PSA: This may very well be my last update until Monday. I’m traveling for the rest of the week and while ideally I would like to find time to pump out a little content while I’m doing so, realistically I don’t think it’s going to be possible.
According to the University of Maryland’s Global Terrorism Database, ISIS’s battlefield losses have translated into a heightened level of terrorist activity. The group carried out over 1400 attacks last year and killed more than 7000 people, an increase of 20 percent over 2015. Its affiliates, from Boko Haram to groups in Yemen, South Asia, and elsewhere, carried out roughly 950 attacks with over 3000 deaths.
Horrible as this is it’s not surprising. Terrorist groups that morph into territorial insurgencies and then lose generally return to their roots and ratchet the terrorist activity up again in response (al-Shabab is a case in point). ISIS’s struggles in Syria and Iraq caused it to revert back to form and to encourage sympathizers to carry out terrorist attacks locally rather than trying to go join the fight in the Middle East.
Iraqi forces are advancing through the outskirts of Tal Afar from the east and southwest and appear to be making fairly rapid progress. Of course that’s to be expected, since ISIS lacks the manpower to defend the entire city and will likely stick to harassing the Iraqis (as at Mosul, they’ve started setting oil well fires to obstruct the Iraqi advance and the allied air campaign) while concentrating its forces for a final stand in the city center. It will be interesting to see how well the Iraqis have learned from Mosul in terms of coordinating among their very wide array of combat units. Patrick Wing has broken down exactly which units are involved at Tal Afar if you’re interested.
There are reports of “huge numbers” of ISIS commanders escaping Tal Afar and heading for Anbar province. It’s hard to know if these reports are accurate but it’s certainly something that bears watching.
The upcoming Kurdish independence referendum is causing new tensions between the Kurdistan Democratic Party (KDP) and the Kurdistan Workers’ Party (PKK) in the Sinjar area. The PKK has been occupying Sinjar and, given its opposition to the KDP, may try to block efforts to conduct the referendum vote in that area. The KDP claims Sinjar (as does Baghdad) and would obviously want to make sure the referendum is conducted there. Caught in the middle are Sinjar’s Yazidis, who increasingly seem to want nothing to do with either Kurdish faction and have started joining the Popular Mobilization Units in fairly large numbers.
Brookings’ Ranj Alaaldin has an interesting look at Muqtada al-Sadr and his transition from Iran-backed militia leader to the champion of moderation and good governance he claims to be today:
Al-Sadr came to prominence in the aftermath of the 2003 U.S.-led invasion of Iraq as a fierce opponent of the American occupation. During this period, his organization’s militia wing, known then as the Mahdi Army, engaged in a guerilla campaign against U.S. troops as well as, on occasion, his domestic rivals. He also deployed the vast Sadrist network that his father established in the 1990s to fill the vacuum left by the collapse of the state, providing protection and social services to the destitute Shiite underclass.
Today, al-Sadr has positioned himself as a counterweight against Iranian influence in Iraq and a champion of reform, but his organization bears responsibility for much of Iraq’s troubles. The Mahdi Army played a central role in fueling Iraq’s devastating sectarian conflict, fought U.S.-led coalition and Iraqi forces, and engaged in criminal activities. Early on, al-Sadr benefitted from Iranian support and he later spent three years in self-imposed exile there, burnishing his religious credentials.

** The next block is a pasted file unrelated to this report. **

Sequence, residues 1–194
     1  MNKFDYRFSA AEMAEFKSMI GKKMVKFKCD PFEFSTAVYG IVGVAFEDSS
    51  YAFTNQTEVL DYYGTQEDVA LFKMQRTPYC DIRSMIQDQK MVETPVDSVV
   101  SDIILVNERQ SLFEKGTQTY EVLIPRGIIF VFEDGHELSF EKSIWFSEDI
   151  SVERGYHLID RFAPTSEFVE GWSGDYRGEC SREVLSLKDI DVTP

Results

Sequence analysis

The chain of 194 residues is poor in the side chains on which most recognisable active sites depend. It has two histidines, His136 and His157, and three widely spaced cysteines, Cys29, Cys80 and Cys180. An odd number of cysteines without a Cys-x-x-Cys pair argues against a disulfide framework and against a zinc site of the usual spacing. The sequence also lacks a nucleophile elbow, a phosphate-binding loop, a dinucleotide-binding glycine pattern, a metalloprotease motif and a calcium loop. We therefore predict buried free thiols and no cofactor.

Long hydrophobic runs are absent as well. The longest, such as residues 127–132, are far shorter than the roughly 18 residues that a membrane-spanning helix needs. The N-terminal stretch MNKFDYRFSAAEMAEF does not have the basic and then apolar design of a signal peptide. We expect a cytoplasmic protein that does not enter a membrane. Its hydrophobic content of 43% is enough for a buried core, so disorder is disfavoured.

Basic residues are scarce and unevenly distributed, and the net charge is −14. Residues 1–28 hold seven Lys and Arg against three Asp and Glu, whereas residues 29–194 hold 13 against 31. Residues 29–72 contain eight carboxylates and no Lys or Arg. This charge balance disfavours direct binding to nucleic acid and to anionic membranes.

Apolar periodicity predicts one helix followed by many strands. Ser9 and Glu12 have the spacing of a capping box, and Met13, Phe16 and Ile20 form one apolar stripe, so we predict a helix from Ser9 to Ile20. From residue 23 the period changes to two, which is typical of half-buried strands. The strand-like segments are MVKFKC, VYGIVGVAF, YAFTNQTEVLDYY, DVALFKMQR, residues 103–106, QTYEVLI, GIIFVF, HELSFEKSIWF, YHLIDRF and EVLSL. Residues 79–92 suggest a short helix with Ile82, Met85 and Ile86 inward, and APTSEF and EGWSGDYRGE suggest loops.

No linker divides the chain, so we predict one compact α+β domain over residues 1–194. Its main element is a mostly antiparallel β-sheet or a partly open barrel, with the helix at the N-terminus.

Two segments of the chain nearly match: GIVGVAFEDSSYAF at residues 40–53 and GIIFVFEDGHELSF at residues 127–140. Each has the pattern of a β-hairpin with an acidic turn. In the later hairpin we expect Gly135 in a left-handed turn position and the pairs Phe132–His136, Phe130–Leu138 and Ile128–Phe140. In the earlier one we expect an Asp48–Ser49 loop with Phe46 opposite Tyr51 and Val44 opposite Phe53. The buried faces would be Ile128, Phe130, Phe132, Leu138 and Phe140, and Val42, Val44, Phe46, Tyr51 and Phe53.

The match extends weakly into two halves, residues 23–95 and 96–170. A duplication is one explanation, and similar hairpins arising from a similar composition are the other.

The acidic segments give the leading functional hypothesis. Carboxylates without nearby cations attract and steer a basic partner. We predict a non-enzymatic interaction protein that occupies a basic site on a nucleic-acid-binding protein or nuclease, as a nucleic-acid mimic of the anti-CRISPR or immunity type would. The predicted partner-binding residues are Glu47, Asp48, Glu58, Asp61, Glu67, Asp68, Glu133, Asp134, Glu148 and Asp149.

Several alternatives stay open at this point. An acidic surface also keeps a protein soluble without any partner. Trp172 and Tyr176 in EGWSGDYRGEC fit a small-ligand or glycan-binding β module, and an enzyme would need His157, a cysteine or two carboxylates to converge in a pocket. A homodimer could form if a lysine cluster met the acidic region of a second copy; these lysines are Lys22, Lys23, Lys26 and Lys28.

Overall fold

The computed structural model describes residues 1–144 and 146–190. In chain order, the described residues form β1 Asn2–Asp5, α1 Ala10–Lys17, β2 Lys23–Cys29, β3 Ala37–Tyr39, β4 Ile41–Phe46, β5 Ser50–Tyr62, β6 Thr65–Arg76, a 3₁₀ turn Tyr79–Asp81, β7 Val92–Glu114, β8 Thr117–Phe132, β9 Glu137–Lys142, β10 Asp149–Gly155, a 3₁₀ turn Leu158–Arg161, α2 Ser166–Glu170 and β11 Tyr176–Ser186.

Mid-September is the new target for another round of Syrian peace talks in Astana. These talks will probably resume joint Russia-Iran-Turkey effort to establish safe zones in western Syria. One safe zone has been established in southern Syria based on negotiations between the US and Russia, but the other three–in the Damascus suburbs, around Homs, and in Idlib province–have all run into problems.
On Monday, Russian media reported that Russian airstrikes outside Deir Ezzor hit an ISIS unit heading toward the city, killing an estimated 200 fighters. It’s not clear when the strike took place (and it seems to me that “whether” is also an open question).
On Tuesday, meanwhile, the Syrian Observatory for Human Rights reported that anti-ISIS airstrikes have killed more than 170 civilians in the past week. At least 42 civilians were killed in airstrikes on Monday alone. It’s important to note that these figures are likely low–the SOHR isn’t going to downplay casualty figures to protect the US, but it also isn’t counting the dead directly. There may very well be bodies still buried in the rubble of the residential buildings that the coalition is destroying.
Via MideastWire.com, Qatar’s al-Sharq newspaper is reporting that the Saudis are planning a “coup” against Yemeni President Abd Rabbuh Mansur Hadi. According to al-Sharq, this has to do with Mohammad bin Salman’s desire to extricate himself from the civil war, and would involve the selection of a new Yemeni president more amenable to the rebels (or at least the Houthi faction) plus Saudi support for a UAE-backed southern separatist movement. Take this with a huge grain of salt–al-Sharq is a pro-Qatari government news outlet and could easily be trying to stir the pot at Riyadh’s expense here.
The Lebanese army says it has recaptured over 80 percent of the territory in the Ras Baalbek border region that was previously held by ISIS. Among the weapons ISIS had apparently stockpiled in the area, the Lebanese soldiers have found a number of anti-aircraft missiles. These are presumably portable and thus not the kind of thing that could threaten commercial aircraft at cruising altitude, but it’s still not the kind of thing you’d like to see in ISIS’s hands.